If you’re going to explore India by road, there’s really no option when it comes to your wheels: you’ve simply got to ride a Royal Enfield Bullet, the country’s quintessential cult motorbike. Originally made in Worcestershire, they’re now exclusively built down in Tamil Nadu and are a timeless classic, loved the world over for their unique sound and ride, having been in production since 1948.
I rent my bike from a friend in Goa who runs motorbike tours throughout India and set off knowing there are a few key places that I want to see, but content on the whole to follow my nose and the sun. After spending a few days exploring Goa, I head east into Karnataka state. The roads fairly quickly start climbing upward as you head in to the western ghats, leaving the Arabian Sea behind you. The landscape turns greener and more rugged, monkeys start appearing on the roadside and there are stunning views back down towards the coast. Once up on the plateaus, the landscape flattens out and the views are incredible: ever-changing landscapes, colours, smells and endless smallholdings with fields full of people tending to their crops and free-roaming cows at every turn.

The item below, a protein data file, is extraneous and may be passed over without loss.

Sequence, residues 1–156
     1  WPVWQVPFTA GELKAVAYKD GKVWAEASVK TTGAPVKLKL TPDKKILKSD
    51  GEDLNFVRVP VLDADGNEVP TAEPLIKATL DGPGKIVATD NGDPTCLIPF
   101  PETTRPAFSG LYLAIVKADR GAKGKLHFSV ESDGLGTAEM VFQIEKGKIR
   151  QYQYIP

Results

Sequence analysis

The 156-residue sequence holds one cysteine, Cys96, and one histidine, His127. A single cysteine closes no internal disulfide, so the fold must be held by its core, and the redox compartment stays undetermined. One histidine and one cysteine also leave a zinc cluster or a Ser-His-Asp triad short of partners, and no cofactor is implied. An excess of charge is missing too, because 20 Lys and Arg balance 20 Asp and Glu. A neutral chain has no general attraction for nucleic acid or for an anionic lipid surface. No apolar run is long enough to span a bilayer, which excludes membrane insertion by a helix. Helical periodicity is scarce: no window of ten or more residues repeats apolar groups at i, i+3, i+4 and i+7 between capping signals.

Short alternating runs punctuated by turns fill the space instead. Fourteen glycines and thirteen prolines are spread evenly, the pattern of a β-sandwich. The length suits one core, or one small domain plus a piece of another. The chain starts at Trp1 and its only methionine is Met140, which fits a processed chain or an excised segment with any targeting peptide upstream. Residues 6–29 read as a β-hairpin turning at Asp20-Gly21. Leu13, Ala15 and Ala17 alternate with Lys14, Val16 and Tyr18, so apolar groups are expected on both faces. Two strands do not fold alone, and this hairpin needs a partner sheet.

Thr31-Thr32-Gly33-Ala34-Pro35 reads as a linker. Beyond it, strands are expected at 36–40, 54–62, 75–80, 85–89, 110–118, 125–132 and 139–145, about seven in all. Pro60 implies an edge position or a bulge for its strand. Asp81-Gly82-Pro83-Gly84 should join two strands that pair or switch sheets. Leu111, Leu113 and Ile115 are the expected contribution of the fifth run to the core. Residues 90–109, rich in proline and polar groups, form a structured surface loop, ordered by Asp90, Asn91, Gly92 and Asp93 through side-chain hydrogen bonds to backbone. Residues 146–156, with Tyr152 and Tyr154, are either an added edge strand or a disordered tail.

I go through valleys, villages and towns that tourists rarely visit and everywhere I go I am greeted with great warmth and curiosity. Eventually I arrive at Hampi, a 4,000-hectare site home to the ruins of the ancient city founded in 200BC. As well as being an architectural marvel, full of hugely varied and richly designed buildings, it is a place of great spiritual importance, where people come to bathe in the blessed river waters and find enlightenment. I start my days doing yoga with a young local Indian lad I meet, which is a refreshing change to my experience of intense London and Goan classes. We do basic vinyasa at dawn for about 20 minutes then meditate for half an hour as the sun comes up before drinking chai overlooking the paddy fields.
After three days of exploration I head off, venturing deeper into the heart of southern India, stopping at roadside cafés for chai and plates of dhal, rice and chapati, staying in all manner of places from basic huts to grand old hotels. People assume that India is a difficult place to explore on a motorbike because of the roads and the traffic, but in the south at least, the driving conditions are fine, and I find it a joyful country to ride in. I pass by Mysore, the home of yoga, before turning west and dropping down to the Keralan coast. I then head north alongside the ocean and back towards Goa, eating fish curries and coconuts on the way. Eventually, I arrive back in Goa and reluctantly say goodbye to the bike and to the majesty that is India – wonderful companions both.
By Dan Annett, Photo Director, Secret Trips. Dan is a British photographer and director specialising in fashion, portrait and lifestyle images. danannett.com